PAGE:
Of course, you can’t have a conversation about data without mentioning technology. To return to the food theme, if data is the basket full of raw ingredients, then technology is the oven that turns those ingredients into something useful (and delicious). And that’s where EMR comes into the picture—er, kitchen. Because in today’s healthcare landscape, EMR isn’t just a tool for documentation; it’s a means of participating in—and benefitting from—the collective effort to amass meaningful information that has the potential to:

  • foster evidence-based practice;
  • improve patient outcomes; and
  • uncover trends—both globally and regionally—that influence the efficacy of care.

But, for those things to happen, providers cannot use their EMR systems in isolation. More importantly, EMRs cannot be designed solely for isolated use. To stay relevant in a value-driven healthcare system, EMRs must allow for interoperability—that is, the ability for different systems and organizations to exchange information, and thus, work together for an overarching purpose. In a healthcare context, this means successful, seamless data transmission across all healthcare platforms. This allows a patient’s entire care team to have access to up-to-date information about the patient and his or her treatment progress—making care delivery much more efficient and effective. It has the potential to take care quality to a whole new level—not to mention reinforce physical therapy’s place on the overall care continuum.

So, if interoperability isn’t on your EMR vendor’s roadmap—or even its radar—then it might be time to explore other options. That said, the US, as a country, still has a few significant hurdles to overcome in the road to total interoperability. As this article explains, the architecture that currently exists is laden with “trouble spots” that lead to “errors, omissions, and variability that are impeding data exchange.” Even more concerning, though, are the barriers created by current laws—or lack thereof—that prevent this type of information exchange from happening at all. While most of those laws are designed with privacy and security in mind, they—like technology—must evolve to align with changing care delivery models and payment structures.

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In a perfect world, all healthcare stakeholders would have access to all of the information relevant to their various functions—from plan of care development to payment for services rendered. Getting to that “heathcare utopia” will take time; after all, Rome—like interoperability—wasn’t built in a day. Still, it’s important that physical therapists—and all other types of providers—prepare themselves for a world in which data is the main ingredient in the recipe for creating a stronger, healthier society.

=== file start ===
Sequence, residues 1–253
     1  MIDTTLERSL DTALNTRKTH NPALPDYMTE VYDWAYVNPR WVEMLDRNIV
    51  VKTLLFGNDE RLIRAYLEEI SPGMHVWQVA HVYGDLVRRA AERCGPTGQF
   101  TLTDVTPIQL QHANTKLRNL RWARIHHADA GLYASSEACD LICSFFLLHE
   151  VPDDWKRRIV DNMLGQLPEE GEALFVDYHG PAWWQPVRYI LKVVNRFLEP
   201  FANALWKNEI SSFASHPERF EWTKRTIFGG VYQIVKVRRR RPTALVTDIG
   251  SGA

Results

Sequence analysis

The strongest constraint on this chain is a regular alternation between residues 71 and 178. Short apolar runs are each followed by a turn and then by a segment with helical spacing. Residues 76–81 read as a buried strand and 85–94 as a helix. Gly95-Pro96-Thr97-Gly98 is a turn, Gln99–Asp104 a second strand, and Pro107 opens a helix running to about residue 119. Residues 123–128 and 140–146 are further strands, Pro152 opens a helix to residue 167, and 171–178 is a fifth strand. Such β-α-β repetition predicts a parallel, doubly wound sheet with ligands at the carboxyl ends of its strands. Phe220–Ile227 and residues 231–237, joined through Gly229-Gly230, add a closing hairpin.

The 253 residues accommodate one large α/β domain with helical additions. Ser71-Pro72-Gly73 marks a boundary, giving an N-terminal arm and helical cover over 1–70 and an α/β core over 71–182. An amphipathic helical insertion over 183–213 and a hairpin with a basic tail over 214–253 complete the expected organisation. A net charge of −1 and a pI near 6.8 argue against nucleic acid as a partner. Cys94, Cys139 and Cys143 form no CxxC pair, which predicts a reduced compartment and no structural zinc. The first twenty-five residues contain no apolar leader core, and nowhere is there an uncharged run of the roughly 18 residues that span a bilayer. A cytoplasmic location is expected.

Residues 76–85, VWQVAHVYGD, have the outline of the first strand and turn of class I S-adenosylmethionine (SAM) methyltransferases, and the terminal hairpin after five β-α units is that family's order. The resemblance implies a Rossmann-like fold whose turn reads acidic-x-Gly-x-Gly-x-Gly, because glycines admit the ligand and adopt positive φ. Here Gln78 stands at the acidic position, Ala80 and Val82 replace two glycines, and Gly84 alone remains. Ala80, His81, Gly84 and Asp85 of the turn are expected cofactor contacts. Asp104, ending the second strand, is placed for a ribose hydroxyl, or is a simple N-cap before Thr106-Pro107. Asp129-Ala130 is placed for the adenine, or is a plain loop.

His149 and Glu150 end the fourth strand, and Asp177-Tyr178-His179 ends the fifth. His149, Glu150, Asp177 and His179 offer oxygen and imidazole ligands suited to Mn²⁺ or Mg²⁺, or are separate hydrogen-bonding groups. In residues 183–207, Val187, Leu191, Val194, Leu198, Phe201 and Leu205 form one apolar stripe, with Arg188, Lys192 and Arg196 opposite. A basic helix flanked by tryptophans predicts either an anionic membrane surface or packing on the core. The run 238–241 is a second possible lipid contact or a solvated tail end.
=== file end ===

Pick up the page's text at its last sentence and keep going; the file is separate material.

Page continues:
4 Tips for Improving Patient Wait Times

Physical therapy treatment plans are designed to help people get back on their feet, yet your patients may find themselves doing a whole lot of the opposite when they’re at your clinic. Even the best physical therapy practices can experience long wait times now and then, but that can lead to patient dissatisfaction—and a lot of negative online reviews. Although your practice might not be the PT equivalent of the DMV, your patients will invariably spend at least a few minutes in your waiting room, so here are four tips to improve your wait times:

1. Collect patient feedback.

The first step toward improving your wait times is to understand exactly why your patients have to wait. Your gut may tell you to simply hire extra front office staff, but that might not be your most effective option for shortening patient wait time (and it’s certainly not the most cost-effective choice, either). So, talk to your patients, whether that’s through open and honest conversations or anonymous patient surveys. Once you know where your practice falls short, you can make improvements in those areas.

2. Rethink the space.

The above-mentioned patient surveys are a great way to discover what your patients dislike most about their wait (other than the wait itself, of course). That front office water feature you installed to help patients relax? Yeah, they may secretly want to throw it through a window to make the bubbling just stop already (and now that you mention it, where’s the bathroom?). So, consider how temperature, sound, lighting, color, and even the comfort of your chairs impact the environment in your waiting room. Think about it this way: if you’re in for a long flight, you’d be a lot more comfortable in first class than you would be in coach, right? Your patients feel the same way about sitting in stiff, armless chairs with no padding; trade up for something a little cushier.

3. Acknowledge the wait.